Government announces plans to strengthen its fiscal resilience


The government of Antigua and Barbuda has developed a comprehensive fiscal strategy document designed to strengthen public finances over the medium term.

This announcement was made by Prime Minister the Hon. Gaston Browne during the presentation of the 2021 Budget to the House of Representatives on Thursday.  He stated that fiscal strategy focuses on enhancing revenue performance, increasing efficiency in public spending, securing debt sustainability, and positioning the Government to meet its obligations in a more timely and predictable manner.

Key fiscal targets include:

  1. Primary surplus between 0.5% and 1% of GDP by 2023
  2. Overall deficit less than 1.5% of GDP by 2024

iii.      Wages and salaries accounting for not more than 9% of GDP by 2025

  1. Tax to GDP to increase to at least 18% by 2023 and be maintained at a minimum of 20% over the medium-term
  2. Debt to GDP ratio to fall below 70% by 2030

He said that while Antigua and Barbuda’s economy is the second largest in the Eastern Caribbean Currency Union, it has the lowest GDP ratio at 16 per cent.  He said that this is clearly a lop-sided system and it cannot continue.

“The practice of tax avoidance and tax evasion must and will be addressed.

It robs the majority of people of benefits they are entitled to enjoy, while a few gain greater individual prosperity.  It is not right; it is not just; and it cannot continue.  We have devised a number of policy interventions, that will stem the haemorrhaging of revenues through under-payment of a range of taxes,” he said

The country’s leader announced an end end to tax exemptions and duty-free waivers for anything that is not firmly linked to provisions under the law.  He said that revenues from property taxes will be improved by increasing compliance from less than 50% to 70% in 2021 and up to 80% by 2025.  Tax audits and improved tax administration, will cause a 15% increase in compliance for corporate income tax and unincorporated business tax by 2023.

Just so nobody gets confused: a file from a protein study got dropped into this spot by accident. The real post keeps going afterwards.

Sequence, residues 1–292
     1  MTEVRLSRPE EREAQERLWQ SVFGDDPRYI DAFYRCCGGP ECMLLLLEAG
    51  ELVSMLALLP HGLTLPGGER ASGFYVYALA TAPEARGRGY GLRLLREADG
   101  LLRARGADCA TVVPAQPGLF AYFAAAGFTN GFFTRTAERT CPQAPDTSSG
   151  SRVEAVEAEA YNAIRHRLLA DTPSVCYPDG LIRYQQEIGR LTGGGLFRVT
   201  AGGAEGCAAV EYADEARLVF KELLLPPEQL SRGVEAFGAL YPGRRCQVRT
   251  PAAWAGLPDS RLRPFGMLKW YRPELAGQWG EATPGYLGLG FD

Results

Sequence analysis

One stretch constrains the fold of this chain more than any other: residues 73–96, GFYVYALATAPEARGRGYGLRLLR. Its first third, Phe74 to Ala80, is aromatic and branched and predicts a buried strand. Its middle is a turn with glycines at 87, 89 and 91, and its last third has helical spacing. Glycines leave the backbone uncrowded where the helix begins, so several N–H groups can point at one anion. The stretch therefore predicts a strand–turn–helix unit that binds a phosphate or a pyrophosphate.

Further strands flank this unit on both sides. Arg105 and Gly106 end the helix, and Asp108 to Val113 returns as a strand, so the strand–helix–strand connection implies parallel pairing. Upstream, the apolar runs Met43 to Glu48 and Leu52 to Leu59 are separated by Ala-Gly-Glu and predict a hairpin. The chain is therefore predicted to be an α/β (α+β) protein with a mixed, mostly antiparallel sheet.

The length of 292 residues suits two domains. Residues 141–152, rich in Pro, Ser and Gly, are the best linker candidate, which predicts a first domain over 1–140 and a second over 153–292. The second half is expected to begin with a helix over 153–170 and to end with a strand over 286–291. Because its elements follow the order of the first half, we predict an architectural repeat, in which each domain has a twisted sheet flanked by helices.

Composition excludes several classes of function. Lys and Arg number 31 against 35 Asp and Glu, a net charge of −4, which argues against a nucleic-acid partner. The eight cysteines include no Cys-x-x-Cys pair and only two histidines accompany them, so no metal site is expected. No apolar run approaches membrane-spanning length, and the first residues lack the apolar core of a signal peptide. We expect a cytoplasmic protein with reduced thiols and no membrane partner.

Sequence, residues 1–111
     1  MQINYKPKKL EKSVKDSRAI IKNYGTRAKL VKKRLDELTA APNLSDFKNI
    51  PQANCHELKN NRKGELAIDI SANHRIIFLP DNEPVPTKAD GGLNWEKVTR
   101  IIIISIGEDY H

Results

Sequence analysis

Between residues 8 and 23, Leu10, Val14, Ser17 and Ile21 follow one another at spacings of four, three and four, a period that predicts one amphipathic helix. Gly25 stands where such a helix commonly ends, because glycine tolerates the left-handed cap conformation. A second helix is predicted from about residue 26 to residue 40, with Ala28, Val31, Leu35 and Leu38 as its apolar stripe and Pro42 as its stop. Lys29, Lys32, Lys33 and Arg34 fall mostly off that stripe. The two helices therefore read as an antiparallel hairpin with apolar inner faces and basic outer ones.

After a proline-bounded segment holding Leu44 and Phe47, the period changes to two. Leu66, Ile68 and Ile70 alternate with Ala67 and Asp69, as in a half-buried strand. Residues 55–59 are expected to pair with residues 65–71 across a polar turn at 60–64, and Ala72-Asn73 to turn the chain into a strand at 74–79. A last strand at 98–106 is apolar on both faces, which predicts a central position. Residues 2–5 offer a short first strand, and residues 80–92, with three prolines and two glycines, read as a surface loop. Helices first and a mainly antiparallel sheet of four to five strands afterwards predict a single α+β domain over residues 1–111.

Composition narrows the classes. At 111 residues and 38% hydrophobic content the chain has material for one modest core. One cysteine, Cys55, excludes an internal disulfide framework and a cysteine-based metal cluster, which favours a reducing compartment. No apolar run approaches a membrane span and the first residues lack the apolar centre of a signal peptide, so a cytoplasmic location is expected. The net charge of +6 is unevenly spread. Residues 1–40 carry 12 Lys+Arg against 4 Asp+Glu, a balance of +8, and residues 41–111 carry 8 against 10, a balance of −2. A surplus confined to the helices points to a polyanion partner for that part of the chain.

“The decision has been made to gradually reduce total exemptions, to no more than 25% of potential revenue.  The Revenue Recovery Charge Act (RRC) will be amended in the first quarter of 2021, to limit the waiver of the 10% charge.   The House will recall that this measure was planned for 2020.  It was delayed due to the pandemic,” he said.

It was also announced that from March 2021, RRC exemptions will only apply in a few cases, including for current exemptions in the law for agriculture and fisheries inputs and equipment; medicines and pharmaceutical supplies; and entities with which the Government of Antigua and Barbuda has International Assistance Agreements.

PM Browne however stated that  while the law will maintain some allowance for waivers in support of business activity and major investment, such waivers will not exceed 50% of the applicable charge.